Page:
Information on Eye Treatments - Blepharitis


What is the treatment for blepharitis?

There is no one-off cure for blepharitis, as the inflammation tends to recur if you do not keep up with treatment. However, with regular treatment, symptoms can usually be eased and then kept to a minimum. This helps to prevent flare-ups. The aim of treatment is to control or manage blepharitis, not to cure it. Most of the treatment is done by you, rather than having prescriptions or treatments from your doctor. The main treatment is regular eyelid hygiene (see below).

Regular eyelid hygiene

This is the most important part of treatment and prevention of blepharitis. The aim is to soothe the eyelids, unplug any blocked meibomian glands and clear out any stagnant oily secretions from these glands. The eyelids are cleaned and debris is removed. This is a daily routine that consists of three parts - warmth, massage and cleansing. Remove any contact lenses before following the routine.


The purpose of warmth is to soften the skin and any crusts attached to the eyelids. It also allows the oily secretions made by the meibomian glands to flow more freely, as warmth makes oils more runny. Therefore, warmth helps to unplug any blocked glands and allow the oily secretions to flow more readily. Warmth applied to the eyelids for five to ten minutes is sufficient to do this.

The traditional method is to press on the eyelids gently with a flannel (facecloth) soaked in very warm water for 5- 10 minutes. If the flannel cools, keep re-warming it in the warm water.

A popular alternative is to use a specially designed reusable heat bag which you place over your eyes for about five minutes. There are a number of such eye bags available, which you can buy from some opticians or online. The heat bags are warmed in a microwave. The advantage of a heat bag over a hot flannel is that the heat is retained for many minutes and so it keeps a constant warmth over the eyes. You can simply lie down and relax for five to ten minutes with the bag placed over your eyes. (A hot flannel usually cools quickly.)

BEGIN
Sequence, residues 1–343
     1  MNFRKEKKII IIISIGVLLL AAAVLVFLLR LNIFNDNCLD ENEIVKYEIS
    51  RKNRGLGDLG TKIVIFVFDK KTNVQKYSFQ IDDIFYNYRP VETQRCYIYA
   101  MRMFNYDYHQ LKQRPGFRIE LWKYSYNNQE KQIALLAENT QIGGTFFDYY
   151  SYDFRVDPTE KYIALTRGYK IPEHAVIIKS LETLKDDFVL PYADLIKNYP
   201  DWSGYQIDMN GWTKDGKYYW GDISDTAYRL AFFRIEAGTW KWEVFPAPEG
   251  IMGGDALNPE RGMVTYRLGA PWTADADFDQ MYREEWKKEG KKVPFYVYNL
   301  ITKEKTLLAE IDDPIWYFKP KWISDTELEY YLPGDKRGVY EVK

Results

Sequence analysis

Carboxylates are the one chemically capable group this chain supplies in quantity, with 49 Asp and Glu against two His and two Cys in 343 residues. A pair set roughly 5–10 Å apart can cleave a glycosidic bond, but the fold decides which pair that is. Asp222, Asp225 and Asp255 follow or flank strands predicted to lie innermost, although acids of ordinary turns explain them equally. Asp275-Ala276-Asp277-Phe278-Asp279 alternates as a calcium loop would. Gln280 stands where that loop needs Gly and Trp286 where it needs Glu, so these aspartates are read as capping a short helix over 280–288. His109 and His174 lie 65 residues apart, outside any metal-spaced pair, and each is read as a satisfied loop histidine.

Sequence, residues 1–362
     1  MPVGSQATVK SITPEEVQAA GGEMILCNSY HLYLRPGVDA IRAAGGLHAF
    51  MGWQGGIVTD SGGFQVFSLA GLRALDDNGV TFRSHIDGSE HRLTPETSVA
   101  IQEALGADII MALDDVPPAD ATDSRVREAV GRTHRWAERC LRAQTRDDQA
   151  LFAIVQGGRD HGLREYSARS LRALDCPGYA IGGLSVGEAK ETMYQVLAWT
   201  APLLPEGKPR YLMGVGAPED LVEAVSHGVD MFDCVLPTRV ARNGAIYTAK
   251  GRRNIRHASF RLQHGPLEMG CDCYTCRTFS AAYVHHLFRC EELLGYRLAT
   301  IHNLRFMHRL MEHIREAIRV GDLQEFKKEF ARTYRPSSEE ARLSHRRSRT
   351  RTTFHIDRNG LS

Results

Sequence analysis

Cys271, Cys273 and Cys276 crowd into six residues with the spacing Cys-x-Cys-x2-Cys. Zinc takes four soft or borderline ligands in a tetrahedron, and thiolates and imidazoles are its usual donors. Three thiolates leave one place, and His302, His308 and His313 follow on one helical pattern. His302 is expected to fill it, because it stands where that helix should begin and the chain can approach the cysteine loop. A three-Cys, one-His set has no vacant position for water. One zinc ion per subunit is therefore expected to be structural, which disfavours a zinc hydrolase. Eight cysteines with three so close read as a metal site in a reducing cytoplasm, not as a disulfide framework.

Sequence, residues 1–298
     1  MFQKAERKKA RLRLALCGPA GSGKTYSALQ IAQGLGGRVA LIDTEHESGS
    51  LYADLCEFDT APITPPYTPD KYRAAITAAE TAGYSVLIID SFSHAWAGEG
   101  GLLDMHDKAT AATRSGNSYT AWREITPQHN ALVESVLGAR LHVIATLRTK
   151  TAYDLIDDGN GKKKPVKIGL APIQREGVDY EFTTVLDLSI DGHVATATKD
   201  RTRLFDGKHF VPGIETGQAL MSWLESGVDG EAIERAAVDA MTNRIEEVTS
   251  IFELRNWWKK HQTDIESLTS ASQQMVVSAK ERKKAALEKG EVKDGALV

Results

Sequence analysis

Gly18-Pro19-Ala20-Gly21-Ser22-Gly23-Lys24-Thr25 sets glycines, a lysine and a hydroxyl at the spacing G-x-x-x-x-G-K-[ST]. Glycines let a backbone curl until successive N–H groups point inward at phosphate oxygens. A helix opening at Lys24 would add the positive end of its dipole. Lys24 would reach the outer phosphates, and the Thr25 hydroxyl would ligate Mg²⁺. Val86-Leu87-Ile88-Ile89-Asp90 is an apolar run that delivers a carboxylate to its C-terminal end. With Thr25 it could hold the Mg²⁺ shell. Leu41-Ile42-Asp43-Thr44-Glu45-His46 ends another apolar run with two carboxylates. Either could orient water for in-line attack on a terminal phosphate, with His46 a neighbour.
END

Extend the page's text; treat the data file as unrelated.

Massage the eyelids immediately after applying the warmth. Massaging helps to push out the oily fluid from the tiny meibomian glands.

To massage the eyelids:

  • Massage along the length of the upper and lower eyelids towards the eye. That is, sweeping downwards when moving along the upper eyelid, and upwards when moving along the lower eyelid. The idea is that you are moving the oily secretions toward the edge of the eyelid so that they can come out of the glands.
  • Repeat this massage action 5 to 10 times over about 30 seconds immediately following the warming.
  • Massaging should neither to be too gentle nor too firm. It should be relatively comfortable and you should not press hard enough to actually hurt your eyeball under the closed lids. Always massage with the eyes shut.


After warmth and massage, clean the eyelids. This can be done by any of the following ways. There is a lack of research studies to say which is the best method, so use whatever you find most useful:

  • The traditional way is to use a cotton wool bud that has been dipped in diluted baby shampoo. Just add a few drops of baby shampoo to a small cup of warm water so that the ratio of water to shampoo is about 10:1. Squeeze out excess liquid from the cotton bud to prevent drips getting into your eyes, which may irritate. In particular, try to clean off any crusts at the base of the eyelids.
  • After cleaning the eyelids with the cotton wool bud, wash off the shampoo from the eyelids, using a flannel or cloth. Some people recommend using sodium bicarbonate (a teaspoonful in a cup of cooled water that has recently been boiled). This is applied using a clean cloth or cotton wool bud. This may cause irritation to the eyes in some people.
  • Some people recommend using special eyelid scrubs that you can buy at some opticians/optometrists. Some people say that simply washing the eyelids with cooled water that has recently been boiled (or preserved water for contact lens wearers) is probably as effective as using water with added sodium bicarbonate or baby shampoo.


You should do the above routine - warmth, massage, clean - at least twice a day until symptoms settle. When the symptoms have eased, keep doing this routine once a day, every day, to prevent further flare-ups. If you are prone to blepharitis it is best to think of this as part of your daily routine - just like brushing your teeth. This is the best way to keep symptoms away, or to a minimum.